Pittsburgh, Pennsylvania Pittsburgh. Photo: ESB Professional/Shutterstock

A federal grand jury has charged the man responsible for the murder of 11 people in a Pittsburgh synagogue with federal hate crimes, the Department of Justice has announced.

The shooter, Robert Bowers, 46, of Baldwin, was charged in a 44-count indictment returned Wednesday, according to the U.S. Attorney’s Office for the Western District of Pennsylvania.

Specific charges include:

  • Eleven counts of obstruction of free exercise of religious beliefs resulting in death.
  • Eleven counts of use and discharge of a firearm to commit murder during and in relation to a crime of violence.
  • Two counts of obstruction of free exercise of religious beliefs involving an attempt to kill and use of a dangerous weapon and resulting in bodily injury.
  • Eleven counts of use and discharge of a firearm during and in relation to a crime of violence.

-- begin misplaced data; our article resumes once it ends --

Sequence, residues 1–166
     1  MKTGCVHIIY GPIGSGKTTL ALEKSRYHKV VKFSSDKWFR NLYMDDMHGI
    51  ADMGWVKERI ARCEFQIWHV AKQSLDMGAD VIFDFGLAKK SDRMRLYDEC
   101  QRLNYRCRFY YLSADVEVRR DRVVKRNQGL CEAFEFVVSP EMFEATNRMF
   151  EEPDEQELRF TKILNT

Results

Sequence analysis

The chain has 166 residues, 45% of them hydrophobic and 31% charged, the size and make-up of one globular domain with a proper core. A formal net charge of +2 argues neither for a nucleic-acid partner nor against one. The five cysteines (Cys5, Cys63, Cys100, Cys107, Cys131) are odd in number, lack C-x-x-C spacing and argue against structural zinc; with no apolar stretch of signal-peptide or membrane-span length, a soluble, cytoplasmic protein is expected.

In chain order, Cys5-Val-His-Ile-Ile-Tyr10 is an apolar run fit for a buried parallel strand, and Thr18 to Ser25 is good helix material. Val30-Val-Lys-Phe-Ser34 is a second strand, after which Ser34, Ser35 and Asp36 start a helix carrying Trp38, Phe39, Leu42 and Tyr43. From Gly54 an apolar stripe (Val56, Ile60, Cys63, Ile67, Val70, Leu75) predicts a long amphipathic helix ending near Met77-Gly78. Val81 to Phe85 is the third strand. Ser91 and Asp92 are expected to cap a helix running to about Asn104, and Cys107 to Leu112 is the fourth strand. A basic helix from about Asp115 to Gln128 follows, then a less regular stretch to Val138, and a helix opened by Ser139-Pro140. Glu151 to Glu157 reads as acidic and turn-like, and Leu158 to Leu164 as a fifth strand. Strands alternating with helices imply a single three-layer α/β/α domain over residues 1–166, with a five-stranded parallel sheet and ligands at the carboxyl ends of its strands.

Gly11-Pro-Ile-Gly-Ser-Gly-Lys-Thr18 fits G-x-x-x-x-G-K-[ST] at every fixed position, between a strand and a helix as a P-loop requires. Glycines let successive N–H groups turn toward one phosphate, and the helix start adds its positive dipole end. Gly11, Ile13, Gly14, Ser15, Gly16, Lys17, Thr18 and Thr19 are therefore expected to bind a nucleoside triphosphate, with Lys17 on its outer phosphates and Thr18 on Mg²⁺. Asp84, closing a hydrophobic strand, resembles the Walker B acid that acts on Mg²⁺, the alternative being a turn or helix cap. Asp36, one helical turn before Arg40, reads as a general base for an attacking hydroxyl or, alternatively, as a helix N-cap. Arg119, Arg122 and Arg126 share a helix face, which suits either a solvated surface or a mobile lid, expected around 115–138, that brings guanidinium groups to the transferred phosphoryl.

• Eight counts of obstruction of free exercise of religious beliefs involving an attempt to kill and use of a dangerous weapon, and resulting in bodily injury to a public safety officer.
  • One count of obstruction of free exercise of religious beliefs involving use of a dangerous weapon and resulting in bodily injury to a public safety officer.

On Oct. 27, Bowers entered the Squirrel Hill synagogue armed with multiple firearms, including handguns and a Colt AR-15 rifle. The indictment alleges that while storming the Tree of Life Synagogue, Bowers unleashed a hail of bullets upon the worshipers of three congregations, killing almost a dozen as well as injuring multiple responding public safety officers. While inside the synagogue, Bowers made statements indicating his desire to “kill Jews,” authorities said.

“Today begins the process of seeking justice for the victims of these hateful acts, and healing for the victims’ families, the Jewish community, and our city,” U.S. Attorney Scott W. Brady said. “Our office will spare no resource, and will work with professionalism, integrity and diligence, in a way that honors the memories of the victims. This is what the public expects from the U.S. Department of Justice. And truly we, as Pittsburghers, can do no other. It is time to go to work.”

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